01:20:29:11 - 01:20:35:13
Joey
So everything that we're talking about with client communication is hand in hand with maintaining and building client confidence.

01:20:35:15 - 01:21:03:11
Robbie
Absolutely. And I think one of the biggest things to point out that I know I'm guilty of, but I see a lot of like if you look on user groups and stuff, I see a lot of client themed conversations or, you know, people talking about their clients taking decidedly technology focused answers to their client problems. And I think that can be appropriate sometimes.

01:21:03:11 - 01:21:26:18
Robbie
Like sometimes there's no other way to explain what's going on or the issue or whatever without being techie about it. But at the same time, I also think that there is there are people, myself included, who sometimes over rely on those explanations that can then confuse clients, can get like you know, at the very like the very best they go, okay, cool.

01:21:26:18 - 01:21:43:16
Robbie
But like I can't even you know, I can't even Gronk that I can't even understand what you're saying. And so I think that's one of those fine line things to try to figure out. I like to think about this as like, okay, what's my tech elevator pitch? Because I've come across this problem before. I know that it's a confusing thing for clients.

01:21:43:18 - 01:22:07:19
Robbie
Let me see how I can easily in 30 seconds to minute explain this. And there's a lot of examples of that, right? Why doesn't this monitor match? Why does it look different on my iPhone, iPad, whatever? That's one. You know, all the HDR work that we do these days explaining things like, okay, what is Dolby vision? You know, you're not going to get into the finer points of tone mapping and Dolby vision examples with the client, right?

01:22:07:21 - 01:22:21:12
Robbie
But you got to figure out sometimes how to take the technology conversations that are sort of inherent to what we do and explain those in an easily digestible, confidence inspiring way to the client, Right?

01:22:21:16 - 01:22:24:04
Joey
Yeah, Because you don't want your client feeling dumb.

01:22:24:09 - 01:22:26:01
Robbie
Exactly. And you don't talk down.

01:22:26:01 - 01:22:50:14
Joey
To a knowledgeable in something that they don't need to be knowledgeable about. And that goes back to what you had mentioned. Figure out the kind of communication that works for them because some clients are really techie and really want to get into those details with you. Not many, but the gradient of clients that want to get into the technical details and want nothing to do with the technical details spreads a very wide swath of communication.

01:22:50:19 - 01:22:57:14
Joey
So yeah, it goes back to what you've been saying. Figure out the types of communication that works with your client.

01:22:57:16 - 01:23:23:07
Robbie
Yeah, and related to both of those things is and I think this is something that I see a lot of again playing that game, a lot of new newer colorists doing is the whether it's a technology thing or even a creative thing kind of standing by Well I'm right and you're wrong kind of thing is the exact kind of confidence killer that client communication.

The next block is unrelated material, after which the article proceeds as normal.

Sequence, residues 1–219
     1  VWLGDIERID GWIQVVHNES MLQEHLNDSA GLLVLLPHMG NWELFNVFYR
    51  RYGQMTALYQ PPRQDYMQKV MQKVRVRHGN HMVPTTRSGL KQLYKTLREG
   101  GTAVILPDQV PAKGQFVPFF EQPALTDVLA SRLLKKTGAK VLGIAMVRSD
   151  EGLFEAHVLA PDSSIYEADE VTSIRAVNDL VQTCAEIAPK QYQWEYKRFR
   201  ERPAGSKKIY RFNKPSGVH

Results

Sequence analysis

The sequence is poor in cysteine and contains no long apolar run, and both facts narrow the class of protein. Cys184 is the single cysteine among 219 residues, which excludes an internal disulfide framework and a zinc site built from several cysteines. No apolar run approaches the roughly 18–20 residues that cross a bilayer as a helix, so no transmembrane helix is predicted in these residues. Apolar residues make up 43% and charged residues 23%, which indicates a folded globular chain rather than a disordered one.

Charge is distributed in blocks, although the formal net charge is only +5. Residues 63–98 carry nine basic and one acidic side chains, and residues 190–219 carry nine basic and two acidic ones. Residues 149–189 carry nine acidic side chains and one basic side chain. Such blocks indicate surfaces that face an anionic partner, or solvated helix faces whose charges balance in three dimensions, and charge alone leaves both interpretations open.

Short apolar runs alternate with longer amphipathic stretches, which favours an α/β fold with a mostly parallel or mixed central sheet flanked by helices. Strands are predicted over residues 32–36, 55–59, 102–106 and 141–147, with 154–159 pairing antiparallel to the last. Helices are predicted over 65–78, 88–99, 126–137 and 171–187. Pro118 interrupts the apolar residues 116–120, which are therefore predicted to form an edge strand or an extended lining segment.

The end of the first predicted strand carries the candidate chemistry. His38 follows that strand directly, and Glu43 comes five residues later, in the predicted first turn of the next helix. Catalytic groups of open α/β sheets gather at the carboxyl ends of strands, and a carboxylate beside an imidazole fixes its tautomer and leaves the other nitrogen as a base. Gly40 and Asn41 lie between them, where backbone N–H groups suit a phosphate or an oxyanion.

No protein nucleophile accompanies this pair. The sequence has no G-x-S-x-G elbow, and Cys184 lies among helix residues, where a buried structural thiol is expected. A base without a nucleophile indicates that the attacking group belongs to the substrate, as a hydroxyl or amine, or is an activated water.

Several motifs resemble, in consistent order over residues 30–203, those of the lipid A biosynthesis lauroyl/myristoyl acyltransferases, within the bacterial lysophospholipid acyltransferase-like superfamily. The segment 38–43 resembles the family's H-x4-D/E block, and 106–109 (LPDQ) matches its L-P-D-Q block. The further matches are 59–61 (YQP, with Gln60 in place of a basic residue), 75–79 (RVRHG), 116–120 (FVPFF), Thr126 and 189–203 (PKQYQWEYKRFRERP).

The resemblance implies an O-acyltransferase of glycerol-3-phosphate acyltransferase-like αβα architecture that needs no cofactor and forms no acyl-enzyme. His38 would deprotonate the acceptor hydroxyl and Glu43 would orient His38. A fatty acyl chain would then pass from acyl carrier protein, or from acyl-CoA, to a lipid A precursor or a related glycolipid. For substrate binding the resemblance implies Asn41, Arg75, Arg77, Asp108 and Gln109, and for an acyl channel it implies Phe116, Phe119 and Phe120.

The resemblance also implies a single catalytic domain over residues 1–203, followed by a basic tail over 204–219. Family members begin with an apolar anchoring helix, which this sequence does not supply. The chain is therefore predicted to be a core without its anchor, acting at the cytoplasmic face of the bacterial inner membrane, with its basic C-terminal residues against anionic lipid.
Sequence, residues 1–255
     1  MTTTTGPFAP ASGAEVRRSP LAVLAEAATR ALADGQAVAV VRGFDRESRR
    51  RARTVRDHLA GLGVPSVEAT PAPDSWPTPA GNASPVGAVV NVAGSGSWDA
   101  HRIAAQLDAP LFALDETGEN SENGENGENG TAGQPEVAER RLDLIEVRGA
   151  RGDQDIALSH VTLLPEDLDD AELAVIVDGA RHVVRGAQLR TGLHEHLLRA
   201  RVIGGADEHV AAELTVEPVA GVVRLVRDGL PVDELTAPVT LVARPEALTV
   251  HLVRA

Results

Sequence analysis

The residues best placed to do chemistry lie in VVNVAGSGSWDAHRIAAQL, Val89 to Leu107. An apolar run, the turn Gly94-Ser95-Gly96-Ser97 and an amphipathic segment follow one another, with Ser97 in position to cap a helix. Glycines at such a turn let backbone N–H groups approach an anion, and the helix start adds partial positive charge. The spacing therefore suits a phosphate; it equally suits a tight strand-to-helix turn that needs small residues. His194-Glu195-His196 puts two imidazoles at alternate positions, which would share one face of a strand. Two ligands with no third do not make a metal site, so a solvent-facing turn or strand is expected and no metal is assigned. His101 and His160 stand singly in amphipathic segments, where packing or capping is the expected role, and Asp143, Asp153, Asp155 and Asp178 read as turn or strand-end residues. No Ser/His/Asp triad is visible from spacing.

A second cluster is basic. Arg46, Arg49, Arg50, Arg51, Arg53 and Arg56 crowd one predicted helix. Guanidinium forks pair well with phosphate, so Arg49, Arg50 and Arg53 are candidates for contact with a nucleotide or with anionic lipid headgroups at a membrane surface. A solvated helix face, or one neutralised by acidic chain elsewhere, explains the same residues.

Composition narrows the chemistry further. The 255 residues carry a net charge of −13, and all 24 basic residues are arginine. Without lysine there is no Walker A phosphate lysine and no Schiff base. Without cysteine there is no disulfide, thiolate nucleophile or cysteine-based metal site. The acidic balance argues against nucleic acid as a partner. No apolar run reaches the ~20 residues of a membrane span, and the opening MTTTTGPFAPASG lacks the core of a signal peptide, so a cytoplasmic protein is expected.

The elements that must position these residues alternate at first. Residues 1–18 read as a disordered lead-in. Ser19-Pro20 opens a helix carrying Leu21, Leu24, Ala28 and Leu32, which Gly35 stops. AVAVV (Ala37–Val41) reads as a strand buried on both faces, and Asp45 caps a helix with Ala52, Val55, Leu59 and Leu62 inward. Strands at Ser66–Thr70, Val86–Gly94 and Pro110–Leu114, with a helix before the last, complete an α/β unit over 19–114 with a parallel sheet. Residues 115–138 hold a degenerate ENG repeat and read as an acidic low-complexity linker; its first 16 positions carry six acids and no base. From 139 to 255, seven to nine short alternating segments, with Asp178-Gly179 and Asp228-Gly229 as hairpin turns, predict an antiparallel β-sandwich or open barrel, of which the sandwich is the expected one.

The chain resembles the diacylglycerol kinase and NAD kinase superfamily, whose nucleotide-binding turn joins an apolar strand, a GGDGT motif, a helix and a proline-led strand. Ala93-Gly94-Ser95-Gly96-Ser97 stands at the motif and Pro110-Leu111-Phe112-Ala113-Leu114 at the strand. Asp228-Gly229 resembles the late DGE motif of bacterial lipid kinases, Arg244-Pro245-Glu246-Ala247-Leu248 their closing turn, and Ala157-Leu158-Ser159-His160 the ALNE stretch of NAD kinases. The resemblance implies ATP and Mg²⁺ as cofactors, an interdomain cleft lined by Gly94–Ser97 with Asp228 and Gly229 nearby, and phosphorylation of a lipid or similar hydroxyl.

01:23:23:07 - 01:23:40:17
Robbie
I mean, like that's where clients go to die, right? If you're not if you're if you're just going to basically tell your client they're wrong, they're stupid. You're talking down to them, whatever, you're violating every rule of customer service. And what we do right. And it needs to be every step along the way in these communications and they need to be handled.

01:23:40:19 - 01:23:42:10
Robbie
Okay. What else you got for us?

01:23:42:12 - 01:24:05:19
Joey
One last thing that I think is is really important to talk about, and it's kind of everything we've been saying about client confidence and figuring out how to communicate with the client is comes down to me to one kind of horror story example from early in my career that I want to relay because as you know, I always think that you should, you know, if you're going to make mistakes, you might as well learn from them.

01:24:05:23 - 01:24:33:15
Joey
And this was a big mistake for me early in my color grading career and early in my post-production career, I had a series of shows that we did for a client that I was the colorist grading, and I didn't figure out how to communicate well with the client and this particular client. Their way of communicating in that context was that they kind of shut down and didn't communicate.

01:24:33:17 - 01:24:34:23
Joey
So I assumed.

01:24:34:23 - 01:24:35:08
Robbie
Everything was.

01:24:35:08 - 01:24:52:13
Joey
Good. I was doing it right. They were kind of like they weren't really happy with the grade, but they didn't know how to approach me about that. And I was probably acting a little bit more arrogant, intimidating, maybe like, well, I'm going to do this and I'm going to do that and not really listening as well as I should have been.

01:24:52:15 - 01:25:15:20
Joey
And essentially we went through, you know, the first series that we had been contracted to grade everything got approved, everything shipped, everything aired. There was no major technical problems. But then I kind of heard through the grapevine that they weren't really happy with me and they didn't want to approach me about that. And that's their right. Right. You know, I want to be someone that you want as a client to approach, right?

01:25:15:21 - 01:25:43:15
Joey
If they don't want to approach me with notes and with feedback, that's my fault and that's my problem. I've presented myself in such a way that they don't want to tell me their opinion on their own project. We never heard from that client again. We lost a client because whatever I did, attitude, arrogance, good or bad work, whatever I communicated with the client in such a way that they did not want to come back and they did not feel comfortable working with.

01:25:43:15 - 01:25:44:08
Robbie
Me.

01:25:44:10 - 01:26:08:08
Joey
And that is 100% on me. So when you're talking to clients and you're kind of gauging their reaction to things, it's important to kind of be self, you know, examining, to say, Hey, am I messing this up? Am I you know, don't drive yourself crazy, but just look at yourself and look at how you're talking to the client and how you're responding to notes and how you're responding to their dialog and make sure that they feel comfortable.